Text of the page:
Chocolate and me, we’re a love affair that goes way back to when I was forced to pick one: alcohol, chocolate or coffee (it’s a long story). Uh, no-brainer—chocolate, please. So imagine my delight upon realizing that Kitsilano—that westside, beach-hugging Vancouver, BC ‘hood, “Kits,” once hippie haven, now yoga nirvana (it’s ground zero for Lululemon)—had acquired a sheen of rich chocolate ganache. Start drooling: Kits chocolate class is now in session.
Here, a chocolate walk in Kitsilano, courtesy of us.
Comfort Class: Come to Purdy’s, mama. This chocolate company’s been around since 1907, and is still family-owned and operated—in fact, it’s the largest chocolate retailer in western Canada. Purdy’s chocolates are dependable, kind of like the uncle you can always count on. There’s something here for everyone. A favourite: Sweet Georgia Browns, a turtle-gone-decadent. There’s chocolate by the pound and chocolate bars. This location: 2196 W. 4th Ave., at Yew Street.
Art Class: One admires the signature, seasonal chocolates in hushed tones at Chocolate Arts; the unique chocolates are made daily in small batches, many from single-origin chocolate and locally-sourced organic produce: raspberries, cranberries, hazelnuts and pumpkins. The standout: famed Haida artist Robert Davidson’s eagle, frog, moon and killer whale medallions rendered in solid dark chocolate. Astonish someone with the West Coast Box, decorated with the eagle medallion, highlighted with edible gold, then filled with nine luscious truffles. 2037 W. 4th Ave., between Arbutus and Maple Streets.
World Class: XOXOLAT (pronounced sho-sho-la) calls itself an “edible gallery of all things chocolate.” True to its word, it carries one of the largest selections in Vancouver of chocolate from around the world, including award-winning estate chocolates. XOXOLAT also crafts its own chocolate and caters to special requests (a smoky chocolate to go with your whiskey tasting? Chocolate infused with mint and jalapeno from your yard to make some “peppered-mint” chocolate?). The place hosts a monthly “Chocolate 101” class for those fascinated by all things dark and delicious; sample chocolates from different plantations, plus learn chocolate terms, including the meaning of bliss. 2391 Burrard St., at 8th Avenue.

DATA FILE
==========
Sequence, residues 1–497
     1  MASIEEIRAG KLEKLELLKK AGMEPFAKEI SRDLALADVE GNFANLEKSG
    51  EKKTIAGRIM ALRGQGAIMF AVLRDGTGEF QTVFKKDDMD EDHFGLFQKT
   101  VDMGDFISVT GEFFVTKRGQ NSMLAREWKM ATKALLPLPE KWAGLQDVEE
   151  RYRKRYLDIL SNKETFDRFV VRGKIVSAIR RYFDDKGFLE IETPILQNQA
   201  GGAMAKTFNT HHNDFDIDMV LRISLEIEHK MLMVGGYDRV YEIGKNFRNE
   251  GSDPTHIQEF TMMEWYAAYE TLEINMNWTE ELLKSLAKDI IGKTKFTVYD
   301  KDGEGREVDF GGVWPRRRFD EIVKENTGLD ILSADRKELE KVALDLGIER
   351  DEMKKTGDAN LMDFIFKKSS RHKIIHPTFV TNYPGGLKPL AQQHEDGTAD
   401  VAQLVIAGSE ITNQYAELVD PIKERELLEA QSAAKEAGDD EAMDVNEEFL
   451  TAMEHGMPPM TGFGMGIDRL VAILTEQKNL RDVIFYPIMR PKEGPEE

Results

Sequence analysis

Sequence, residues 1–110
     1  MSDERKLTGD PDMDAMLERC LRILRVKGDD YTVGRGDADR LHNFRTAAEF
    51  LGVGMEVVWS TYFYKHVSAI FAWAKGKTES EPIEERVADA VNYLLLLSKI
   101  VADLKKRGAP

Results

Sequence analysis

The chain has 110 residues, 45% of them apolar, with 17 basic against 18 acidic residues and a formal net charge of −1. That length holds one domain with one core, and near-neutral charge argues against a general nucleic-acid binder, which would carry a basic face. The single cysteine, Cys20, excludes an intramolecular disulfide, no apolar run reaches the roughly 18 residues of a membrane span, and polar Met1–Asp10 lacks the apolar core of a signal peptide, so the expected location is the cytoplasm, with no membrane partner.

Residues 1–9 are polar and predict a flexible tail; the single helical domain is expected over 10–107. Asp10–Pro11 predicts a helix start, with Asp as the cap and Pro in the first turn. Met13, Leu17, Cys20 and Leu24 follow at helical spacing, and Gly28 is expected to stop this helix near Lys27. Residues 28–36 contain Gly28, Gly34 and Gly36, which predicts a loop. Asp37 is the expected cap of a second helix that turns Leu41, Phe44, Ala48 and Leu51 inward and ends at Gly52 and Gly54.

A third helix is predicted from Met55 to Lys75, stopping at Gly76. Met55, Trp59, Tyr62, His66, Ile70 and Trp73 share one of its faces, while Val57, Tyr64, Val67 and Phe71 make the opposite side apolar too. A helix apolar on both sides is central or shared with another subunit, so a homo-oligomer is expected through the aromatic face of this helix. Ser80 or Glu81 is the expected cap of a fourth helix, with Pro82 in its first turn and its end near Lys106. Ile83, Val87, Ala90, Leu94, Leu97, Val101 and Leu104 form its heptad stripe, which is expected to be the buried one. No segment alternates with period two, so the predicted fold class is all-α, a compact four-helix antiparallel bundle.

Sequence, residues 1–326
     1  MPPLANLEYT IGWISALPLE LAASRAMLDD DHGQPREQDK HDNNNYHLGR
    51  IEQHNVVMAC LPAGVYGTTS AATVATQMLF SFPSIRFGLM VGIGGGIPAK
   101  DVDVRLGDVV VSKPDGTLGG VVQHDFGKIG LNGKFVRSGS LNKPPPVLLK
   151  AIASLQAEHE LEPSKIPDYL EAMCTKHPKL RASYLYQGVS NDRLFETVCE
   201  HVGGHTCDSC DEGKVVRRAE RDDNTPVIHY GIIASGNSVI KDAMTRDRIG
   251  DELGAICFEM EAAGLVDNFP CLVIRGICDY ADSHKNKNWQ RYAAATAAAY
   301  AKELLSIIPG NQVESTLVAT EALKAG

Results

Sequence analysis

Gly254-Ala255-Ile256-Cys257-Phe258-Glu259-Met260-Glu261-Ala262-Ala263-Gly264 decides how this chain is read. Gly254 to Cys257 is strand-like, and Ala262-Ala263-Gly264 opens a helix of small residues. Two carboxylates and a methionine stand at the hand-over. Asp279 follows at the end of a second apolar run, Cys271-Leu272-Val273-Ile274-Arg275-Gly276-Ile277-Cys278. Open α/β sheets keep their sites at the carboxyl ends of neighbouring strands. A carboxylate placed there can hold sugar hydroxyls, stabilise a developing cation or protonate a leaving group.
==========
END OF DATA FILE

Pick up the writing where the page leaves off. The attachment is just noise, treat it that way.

Master Class: We are blessed that Thomas Haas, a German-born, fourth-generation master pastry chef—one of the world’s best—has chosen to call Vancouver home. Chef Haas’ Kits location has been a smash hit since opening this past October (the other storefront is in North Vancouver). Creations include delicate, handmade chocolates, insanely rich chocolate truffle cookies and chocolate bars (choose the “cocoa percent series”). At the patisserie, sit ‘n savour a decadent cake or pastry made with fresh fruits or nuts. Not to be missed: the intense confection that is toasted pecans and chewy caramel dipped in dark chocolate and sprinkled with Fleur de Sel; dark-roasted, crispy hazelnut praline and milk chocolate; or the exotic milk-chocolate ganache infused with green cardamom and a splash of whiskey. 2539 W. Broadway, between Larch and Trafalgar Streets.
Cooking Class: If you talk about chocolate in cocoa percentages and country origin, then chances are you’re fussy about baking chocolate. Sure, Yoka’s Coffee is a local roaster that provides “premium coffee at affordable prices.” But don’t let the coffee fool you (although the selection is great—over 20 types). Yoka’s also carries an impressive selection of premium bulk Belgian chocolate, cocoa nibs and Dutch cocoa—still at reasonable prices. I’m partial to Callebaut Cacao-Barry pistoles; at 70% cocoa, it’s a bittersweet chocolate with an exceptionally long finish (i.e., no bitter aftertaste)—ideal for baking. Yoka’s also carries unpasteurized Okanagan honey—all in all, a pretty sweet deal. 3171 W. Broadway, between Balaclava and Trutch Streets.